An agreement reached with the USA in March gave India access to strategic nuclear material and equipment for civilian purposes, and signalled closer Indo-US ties.

Hundreds of people were killed in bomb attacks during the year, including 21 in the north Indian city of Varanasi in March, more than 200 in multiple bombings in Mumbai in July, and 37 in Malegaon, Maharashtra state, in September. Concern about such attacks continued to dominate peace talks between India and Pakistan, which made little progress. The two countries agreed to set up an “anti-terror mechanism”, the details of which were not spelled out. Little progress was made in continuing dialogue over Kashmir, Nagaland and Assam.

Rising Maoist activity in some states added to security and human rights concerns. Several states, including Orissa and West Bengal, witnessed protests by people whose livelihoods were threatened by ongoing and proposed fast-tracked development projects. High suicide rates by debt-ridden farmers were recorded in some states, including Maharashtra, Andhra Pradesh and Kerala.

Following renewed fighting in Sri Lanka, around 10,000 Tamil refugees fled the island by sea and arrived in Tamil Nadu, already home to over 100,000 refugees; about 50,000 of the refugees were reportedly in camps with inadequate facilities.

Security legislation

India continued to play no direct role in the US-led “war on terror”. However, demands for new anti-terror legislation in place of the repealed POTA grew after the bombings in Mumbai and Malegaon.

Following the bomb attacks, hundreds of people, mostly Muslims, were arbitrarily detained for short periods in Maharashtra. Sixteen people were charged under the state Control of Organised Crime Act. Local courts acquitted three of the 16 for lack of evidence.

Implementation of security legislation led to human rights violations in several states. An official panel report acknowledged widespread abuses of the AFSPA in the north-east but drew criticism for ignoring impunity issues and recommending use of the Unlawful Activities Prevention Act. Protests demanded repeal of the AFSPA.

At least 400 people remained in jail under the repealed POTA and several continued to face special trials whose proceedings fail to meet fair trial standards. The few convictions related to serious and high-profile cases. Official committees reviewed a majority of pending cases. However, the review process was questioned, with Gujarat and other states rejecting the committees’ key recommendation to drop POTA charges.

Jammu and Kashmir

Politically motivated violence slightly decreased, but torture, deaths in custody, enforced disappearances and extrajudicial executions continued to be reported. Some six deaths in custody, 38 enforced disappearances including several juveniles, and 22 extrajudicial killings were reported in 2006. Identity-based attacks by Islamist fighters continued.

• In May, 35 Hindus were killed in Doda and Udhampur districts. Government officials accused Lashkar-e-Taiba, a Pakistan-based armed Islamist group, of carrying out the killings to derail the peace process.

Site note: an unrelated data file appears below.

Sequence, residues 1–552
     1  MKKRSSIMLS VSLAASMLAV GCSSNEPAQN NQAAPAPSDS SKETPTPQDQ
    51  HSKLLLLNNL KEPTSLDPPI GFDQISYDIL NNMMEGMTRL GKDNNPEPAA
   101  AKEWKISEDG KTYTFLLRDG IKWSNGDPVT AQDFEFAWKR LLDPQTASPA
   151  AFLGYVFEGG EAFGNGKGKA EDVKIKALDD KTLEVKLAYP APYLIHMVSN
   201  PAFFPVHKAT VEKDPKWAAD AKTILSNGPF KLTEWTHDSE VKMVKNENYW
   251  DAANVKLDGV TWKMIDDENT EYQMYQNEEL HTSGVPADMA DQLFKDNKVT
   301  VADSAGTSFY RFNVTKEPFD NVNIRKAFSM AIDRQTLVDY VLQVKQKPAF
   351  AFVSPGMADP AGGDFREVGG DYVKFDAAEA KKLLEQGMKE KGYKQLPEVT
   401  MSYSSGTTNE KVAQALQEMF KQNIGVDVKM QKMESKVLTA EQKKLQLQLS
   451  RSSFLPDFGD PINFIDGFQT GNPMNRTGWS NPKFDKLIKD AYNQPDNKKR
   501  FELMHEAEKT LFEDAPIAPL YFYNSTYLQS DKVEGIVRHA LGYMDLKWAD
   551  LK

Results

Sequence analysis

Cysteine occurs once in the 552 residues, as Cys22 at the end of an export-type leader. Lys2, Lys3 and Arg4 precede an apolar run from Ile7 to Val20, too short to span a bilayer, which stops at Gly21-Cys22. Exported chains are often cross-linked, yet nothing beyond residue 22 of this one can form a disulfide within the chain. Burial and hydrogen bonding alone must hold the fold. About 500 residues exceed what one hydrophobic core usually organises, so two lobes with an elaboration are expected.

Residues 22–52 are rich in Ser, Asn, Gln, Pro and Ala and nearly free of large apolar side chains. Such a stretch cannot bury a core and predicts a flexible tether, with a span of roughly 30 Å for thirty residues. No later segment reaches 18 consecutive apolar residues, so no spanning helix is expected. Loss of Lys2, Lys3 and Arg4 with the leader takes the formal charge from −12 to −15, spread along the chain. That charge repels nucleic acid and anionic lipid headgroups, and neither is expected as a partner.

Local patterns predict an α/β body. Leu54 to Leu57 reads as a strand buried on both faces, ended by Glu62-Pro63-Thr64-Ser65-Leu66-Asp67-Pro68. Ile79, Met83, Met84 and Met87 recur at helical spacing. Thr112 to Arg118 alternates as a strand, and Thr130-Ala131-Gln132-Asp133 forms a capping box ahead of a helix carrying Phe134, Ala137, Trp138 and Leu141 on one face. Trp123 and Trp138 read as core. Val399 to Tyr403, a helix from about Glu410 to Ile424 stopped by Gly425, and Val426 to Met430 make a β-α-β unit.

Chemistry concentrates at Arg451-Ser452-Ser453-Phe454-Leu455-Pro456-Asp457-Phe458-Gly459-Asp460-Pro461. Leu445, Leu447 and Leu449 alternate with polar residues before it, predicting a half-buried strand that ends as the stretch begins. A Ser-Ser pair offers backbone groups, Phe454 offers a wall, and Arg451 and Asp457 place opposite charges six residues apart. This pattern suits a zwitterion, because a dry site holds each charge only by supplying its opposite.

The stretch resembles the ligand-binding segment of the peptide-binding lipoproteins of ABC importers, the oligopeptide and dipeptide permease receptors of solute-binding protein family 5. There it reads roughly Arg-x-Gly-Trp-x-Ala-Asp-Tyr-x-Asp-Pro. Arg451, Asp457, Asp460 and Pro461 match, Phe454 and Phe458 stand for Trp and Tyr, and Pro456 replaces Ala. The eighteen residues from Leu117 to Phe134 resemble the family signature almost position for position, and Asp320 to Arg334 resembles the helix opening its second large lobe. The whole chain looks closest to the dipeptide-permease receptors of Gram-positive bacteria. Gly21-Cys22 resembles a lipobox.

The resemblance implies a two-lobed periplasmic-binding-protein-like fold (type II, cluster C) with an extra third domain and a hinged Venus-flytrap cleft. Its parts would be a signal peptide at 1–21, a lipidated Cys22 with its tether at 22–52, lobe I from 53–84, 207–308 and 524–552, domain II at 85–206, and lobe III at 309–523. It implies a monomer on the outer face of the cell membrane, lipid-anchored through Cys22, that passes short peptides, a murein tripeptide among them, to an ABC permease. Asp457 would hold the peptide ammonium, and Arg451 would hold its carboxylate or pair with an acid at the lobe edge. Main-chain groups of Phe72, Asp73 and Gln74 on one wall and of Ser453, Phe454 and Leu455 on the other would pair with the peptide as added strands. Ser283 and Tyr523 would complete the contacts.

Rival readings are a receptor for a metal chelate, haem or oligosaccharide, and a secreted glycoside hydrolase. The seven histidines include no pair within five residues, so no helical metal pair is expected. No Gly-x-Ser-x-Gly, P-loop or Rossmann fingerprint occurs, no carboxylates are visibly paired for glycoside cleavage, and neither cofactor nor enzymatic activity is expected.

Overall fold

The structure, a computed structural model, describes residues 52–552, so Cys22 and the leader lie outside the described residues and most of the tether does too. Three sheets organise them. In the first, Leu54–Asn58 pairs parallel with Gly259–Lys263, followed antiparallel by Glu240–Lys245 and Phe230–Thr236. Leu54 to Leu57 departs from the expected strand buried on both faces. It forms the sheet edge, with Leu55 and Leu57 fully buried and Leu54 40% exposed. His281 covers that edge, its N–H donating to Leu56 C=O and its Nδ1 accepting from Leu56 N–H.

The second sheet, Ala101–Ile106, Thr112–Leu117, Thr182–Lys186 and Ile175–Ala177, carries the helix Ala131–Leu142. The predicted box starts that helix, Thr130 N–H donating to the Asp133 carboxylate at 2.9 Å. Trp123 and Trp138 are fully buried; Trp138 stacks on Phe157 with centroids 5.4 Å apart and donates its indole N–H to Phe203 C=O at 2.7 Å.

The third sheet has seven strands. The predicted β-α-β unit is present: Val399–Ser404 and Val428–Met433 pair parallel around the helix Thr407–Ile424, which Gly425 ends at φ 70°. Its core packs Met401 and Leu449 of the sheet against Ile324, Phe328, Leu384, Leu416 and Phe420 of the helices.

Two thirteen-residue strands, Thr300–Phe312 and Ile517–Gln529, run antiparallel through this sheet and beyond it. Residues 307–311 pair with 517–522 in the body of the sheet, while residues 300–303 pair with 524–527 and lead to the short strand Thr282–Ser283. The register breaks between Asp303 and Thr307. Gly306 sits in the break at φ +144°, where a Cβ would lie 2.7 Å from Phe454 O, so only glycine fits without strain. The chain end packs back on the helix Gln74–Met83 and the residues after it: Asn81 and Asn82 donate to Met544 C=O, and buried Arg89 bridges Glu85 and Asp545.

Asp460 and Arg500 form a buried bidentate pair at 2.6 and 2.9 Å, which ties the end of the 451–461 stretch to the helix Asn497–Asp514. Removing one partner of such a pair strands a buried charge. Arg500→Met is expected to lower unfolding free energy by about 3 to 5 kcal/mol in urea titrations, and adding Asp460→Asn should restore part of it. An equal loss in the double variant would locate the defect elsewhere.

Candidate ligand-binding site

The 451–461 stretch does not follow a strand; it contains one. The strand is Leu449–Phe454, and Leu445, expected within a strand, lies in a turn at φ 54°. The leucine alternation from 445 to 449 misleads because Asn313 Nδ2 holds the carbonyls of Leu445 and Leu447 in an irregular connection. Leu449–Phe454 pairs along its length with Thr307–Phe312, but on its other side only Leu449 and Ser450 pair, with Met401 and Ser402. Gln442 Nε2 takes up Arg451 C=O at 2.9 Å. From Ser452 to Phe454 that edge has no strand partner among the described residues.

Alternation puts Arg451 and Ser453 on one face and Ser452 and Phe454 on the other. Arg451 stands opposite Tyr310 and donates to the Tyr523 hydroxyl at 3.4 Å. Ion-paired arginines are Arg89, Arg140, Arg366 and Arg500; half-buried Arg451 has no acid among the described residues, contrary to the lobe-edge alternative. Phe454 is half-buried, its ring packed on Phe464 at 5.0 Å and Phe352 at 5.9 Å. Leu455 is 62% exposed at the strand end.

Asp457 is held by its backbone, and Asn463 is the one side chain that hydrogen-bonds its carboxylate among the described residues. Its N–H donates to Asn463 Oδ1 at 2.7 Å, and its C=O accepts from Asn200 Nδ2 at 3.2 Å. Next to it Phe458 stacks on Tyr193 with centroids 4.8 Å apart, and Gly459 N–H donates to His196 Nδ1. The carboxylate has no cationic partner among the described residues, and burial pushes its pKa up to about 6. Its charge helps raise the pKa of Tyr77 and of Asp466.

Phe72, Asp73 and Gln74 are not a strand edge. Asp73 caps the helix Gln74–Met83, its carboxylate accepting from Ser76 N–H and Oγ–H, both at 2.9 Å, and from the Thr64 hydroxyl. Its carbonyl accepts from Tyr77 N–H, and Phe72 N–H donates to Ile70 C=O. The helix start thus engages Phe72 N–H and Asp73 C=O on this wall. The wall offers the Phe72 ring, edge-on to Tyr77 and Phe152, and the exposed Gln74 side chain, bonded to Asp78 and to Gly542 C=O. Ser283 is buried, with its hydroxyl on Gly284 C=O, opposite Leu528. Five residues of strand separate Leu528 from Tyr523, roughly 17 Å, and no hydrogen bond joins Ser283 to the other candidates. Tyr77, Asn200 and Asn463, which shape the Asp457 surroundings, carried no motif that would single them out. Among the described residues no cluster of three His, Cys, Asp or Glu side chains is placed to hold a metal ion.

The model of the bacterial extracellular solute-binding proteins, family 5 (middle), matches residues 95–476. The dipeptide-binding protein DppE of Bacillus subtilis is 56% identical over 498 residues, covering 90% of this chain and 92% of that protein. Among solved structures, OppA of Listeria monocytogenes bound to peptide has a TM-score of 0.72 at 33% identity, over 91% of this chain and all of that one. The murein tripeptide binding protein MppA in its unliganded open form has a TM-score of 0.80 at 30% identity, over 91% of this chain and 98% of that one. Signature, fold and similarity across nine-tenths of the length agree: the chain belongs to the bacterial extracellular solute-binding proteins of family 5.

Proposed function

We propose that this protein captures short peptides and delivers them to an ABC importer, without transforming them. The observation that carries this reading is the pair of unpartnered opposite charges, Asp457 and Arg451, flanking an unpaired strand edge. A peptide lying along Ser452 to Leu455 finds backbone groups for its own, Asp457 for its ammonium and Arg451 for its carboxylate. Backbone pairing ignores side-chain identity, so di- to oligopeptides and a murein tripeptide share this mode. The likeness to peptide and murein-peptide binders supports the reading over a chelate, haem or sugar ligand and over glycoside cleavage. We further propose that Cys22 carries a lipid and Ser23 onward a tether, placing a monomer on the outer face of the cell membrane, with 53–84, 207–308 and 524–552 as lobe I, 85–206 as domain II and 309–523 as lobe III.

• In October, 17-year-old Muhammad Maqbool Dar of Pakherpora died in custody after he was questioned by the Rashtriya Rifles, an army counter-insurgency force. A magistrates’ inquiry and an internal army inquiry were ordered.

Impunity for human rights violations by state agents continued, although in a few cases criminal action was initiated after years of delay.

b In April, the Central Bureau of Investigation (CBI) indicted five army officers for the extrajudicial killing of five villagers at Pathribal in March 2000. The officers were charged with fabricating evidence to support their claim that the men were foreign fighters killed in an “encounter” with security forces. The officers had earlier claimed that the men had killed 35 Sikhs at Chittisinghpora four days before the “encounter”. When local villagers protested in Brakpora that the five men were innocent villagers, the army opened fire, killing 10 protesters. An inquiry into the Pathribal incident stalled when it was found that DNA samples had been tampered with.

A new report indicated that some 10,000 people had been victims of enforced disappearance since 1989. The Association of the Parents of Disappeared People reported that the authorities failed to provide information to the families of the victims about their whereabouts. Outstanding concerns over the existing powers of the state Human Rights Commission were heightened in August when its chairperson resigned over the “non-serious” attitude of the state government towards human rights violations.

Impunity

Little progress was made in cases relating to the 1984 anti-Sikh riots in Delhi which followed the assassination of Prime Minister Indira Gandhi by two of her Sikh bodyguards and led to a massacre of nearly 3,000 Sikhs. In 2005 the United Progressive Alliance (UPA) government promised to reopen the latest of many inquiries following the forced resignations of two leaders of the ruling Congress party, which heads the UPA. A judicial commission had concluded that there was credible evidence of involvement in the attacks against the two leaders who resigned.

In Punjab, a majority of police officers responsible for serious human rights violations during civil unrest between 1984 and 1994 continued to evade justice. In response to 2,097 reported cases of human rights violations during this period, the NHRC ordered Punjab state to provide compensation in 1,051 cases concerning people who died in police custody and appointed a commissioner to decide on compensation for 814 additional cases. CBI findings on these deaths in custody were not made public and the NHRC did not actively pursue with the judiciary the outstanding issues of impunity.